* Tenth Amendment – The powers not delegated to the United States by the Constitution, nor prohibited by it to the States, are reserved to the States respectively, or to the people.

RE: Priviledge? BS.
By Reclaimer77 on 1/26/2010 2:37:34 PM , Rating: 1
Um then start a movement to amend the Constitution.

Yeah like anyone does that anymore...

RE: Priviledge? BS.
By AEvangel on 1/26/10, Rating: 0
RE: Priviledge? BS.
By ussfletcher on 1/26/2010 2:49:46 PM , Rating: 1
The right to drive has been never directly given, but supreme court decisions make it quite clear that it should be implied.

RE: Priviledge? BS.
By msomeoneelsez on 1/26/2010 5:07:34 PM , Rating: 2
I started writing this comment to disagree with you, but I have actually changed my mind here... Read on for the explanation.

I'm going to quote Judge Andrew Napolitano,

Forget the fact that he's on the Glenn Beck show, and remove the "gift from God" part and you have one of the best explanations of a right vs. a good ever publicized.

What is a right? A right is a gift from God that extends from our humanity. Thinkers from St. Thomas Aquinas, to Thomas Jefferson, to the Rev. Dr. Martin Luther King, Jr., to Pope John Paul II have all argued that our rights are a natural part of our humanity. We own our bodies, thus we own the gifts that emanate from our bodies. So, our right to life, our right to develop our personalities, our right to think as we wish, to say what we think, to publish what we say, our right to worship or not worship, our right to travel, to defend ourselves, to use our own property as we see fit, our right to due process – fairness – from the government, and our right to be left alone, are all rights that stem from our humanity. These are natural rights that we are born with. The government doesn’t give them to us and the government doesn’t pay for them and the government can’t take them away, unless a jury finds that we have violated someone else’s rights.

What is a good? A good is something we want or need. In a sense, it is the opposite of a right. We have our rights from birth, but we need our parents when we are children and we need ourselves as adults to purchase the goods we require for existence. So, food is a good, shelter is a good, clothing is a good, education is a good, a car is a good, legal representation is a good, working out at a gym is a good, and access to health care is a good. Does the government give us goods? Well, sometimes it takes money from some of us and gives that money to others. You can call that taxation or you can call it theft; but you cannot call it a right.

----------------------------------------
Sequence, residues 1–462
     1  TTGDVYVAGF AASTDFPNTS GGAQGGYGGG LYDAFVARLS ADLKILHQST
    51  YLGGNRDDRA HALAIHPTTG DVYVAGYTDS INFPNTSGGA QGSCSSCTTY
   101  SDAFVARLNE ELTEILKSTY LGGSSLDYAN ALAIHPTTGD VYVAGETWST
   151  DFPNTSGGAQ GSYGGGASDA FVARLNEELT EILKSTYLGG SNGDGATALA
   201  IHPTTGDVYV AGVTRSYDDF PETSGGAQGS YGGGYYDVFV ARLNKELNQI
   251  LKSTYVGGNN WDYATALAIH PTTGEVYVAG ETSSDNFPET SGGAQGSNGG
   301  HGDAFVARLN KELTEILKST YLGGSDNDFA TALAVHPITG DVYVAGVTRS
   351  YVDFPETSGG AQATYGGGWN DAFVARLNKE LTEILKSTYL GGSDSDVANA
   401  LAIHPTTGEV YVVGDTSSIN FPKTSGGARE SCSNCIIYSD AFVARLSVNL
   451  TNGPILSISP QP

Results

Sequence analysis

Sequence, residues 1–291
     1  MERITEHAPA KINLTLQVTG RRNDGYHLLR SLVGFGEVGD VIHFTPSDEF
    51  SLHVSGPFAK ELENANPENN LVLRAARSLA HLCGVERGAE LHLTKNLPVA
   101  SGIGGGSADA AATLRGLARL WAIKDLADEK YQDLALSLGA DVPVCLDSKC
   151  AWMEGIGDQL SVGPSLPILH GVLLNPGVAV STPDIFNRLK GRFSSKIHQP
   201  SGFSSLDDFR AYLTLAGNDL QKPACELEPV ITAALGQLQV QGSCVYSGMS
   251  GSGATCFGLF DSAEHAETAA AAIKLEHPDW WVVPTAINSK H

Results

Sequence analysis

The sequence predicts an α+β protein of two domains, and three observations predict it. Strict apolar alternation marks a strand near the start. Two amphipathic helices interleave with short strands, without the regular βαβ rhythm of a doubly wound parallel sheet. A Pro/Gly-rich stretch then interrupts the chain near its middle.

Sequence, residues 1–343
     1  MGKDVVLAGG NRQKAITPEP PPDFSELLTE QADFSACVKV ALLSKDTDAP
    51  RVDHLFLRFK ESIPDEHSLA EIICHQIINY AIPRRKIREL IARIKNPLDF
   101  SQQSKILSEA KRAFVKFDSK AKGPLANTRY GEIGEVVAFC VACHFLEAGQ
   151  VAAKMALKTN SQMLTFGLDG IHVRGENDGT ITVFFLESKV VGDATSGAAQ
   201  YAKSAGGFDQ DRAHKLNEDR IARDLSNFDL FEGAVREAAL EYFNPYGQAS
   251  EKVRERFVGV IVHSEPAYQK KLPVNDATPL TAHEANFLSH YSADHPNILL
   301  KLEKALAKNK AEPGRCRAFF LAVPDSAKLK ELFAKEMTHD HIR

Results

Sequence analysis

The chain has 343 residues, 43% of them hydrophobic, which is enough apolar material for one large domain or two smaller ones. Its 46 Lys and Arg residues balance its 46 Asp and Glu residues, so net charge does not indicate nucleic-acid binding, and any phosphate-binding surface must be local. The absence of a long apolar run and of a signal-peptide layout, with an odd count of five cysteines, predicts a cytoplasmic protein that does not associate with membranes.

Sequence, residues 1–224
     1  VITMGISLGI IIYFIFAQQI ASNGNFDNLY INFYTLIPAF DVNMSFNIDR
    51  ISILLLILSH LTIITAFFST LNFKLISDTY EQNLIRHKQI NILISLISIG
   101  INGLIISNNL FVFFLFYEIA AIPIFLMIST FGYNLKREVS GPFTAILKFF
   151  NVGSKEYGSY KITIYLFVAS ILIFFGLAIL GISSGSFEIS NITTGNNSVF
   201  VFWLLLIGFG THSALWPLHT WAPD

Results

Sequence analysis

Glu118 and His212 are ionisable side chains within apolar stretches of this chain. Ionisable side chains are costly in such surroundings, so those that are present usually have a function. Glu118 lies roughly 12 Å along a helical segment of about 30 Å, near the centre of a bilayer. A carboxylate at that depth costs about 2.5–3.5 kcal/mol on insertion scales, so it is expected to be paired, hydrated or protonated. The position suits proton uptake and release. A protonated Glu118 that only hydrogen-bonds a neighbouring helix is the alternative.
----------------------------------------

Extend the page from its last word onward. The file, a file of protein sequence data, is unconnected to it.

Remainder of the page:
A right stems from our humanity. A good is something you buy or someone else buys for you.

Tell me, is a car something that stems from your humanity? No. Cars are goods. Cars are property.

That is where I changed my mind, by the way.

But, you have the right to use your property as you see fit. But there is a caveat to this right; the rights of others may be violated by your actions.

On the same note, I absolutely have a right to eat a cheeseburger, so long as I bought or produced it myself (therefor it is my property.)

So yes, you absolutely have the right to drive, but that doesn't mean you have the right to endanger others.

So yes, it is a right to use your property as you see fit, so long as it does not endanger or violates the rights of others, but that does not mean that even chromal is right.

Driving is not some hoity-toity privilege, people. For some of us, it's our only economic life support.

This does not make it a right to drive anymore than it is a right to have healthcare. This just makes it a need.

Need /= Right

I NEED food to be put on the table to survive, but I must WORK to put food on the table.

I may NEED a car to WORK, but I must WORK to get money (PROPERTY) to buy the NEED which is a car. If I violate the rights of others, or endanger the rights of others either by carelessness or direct actions to violate other's rights, then I am essentially giving up my rights in proportion to the violations of rights which I committed.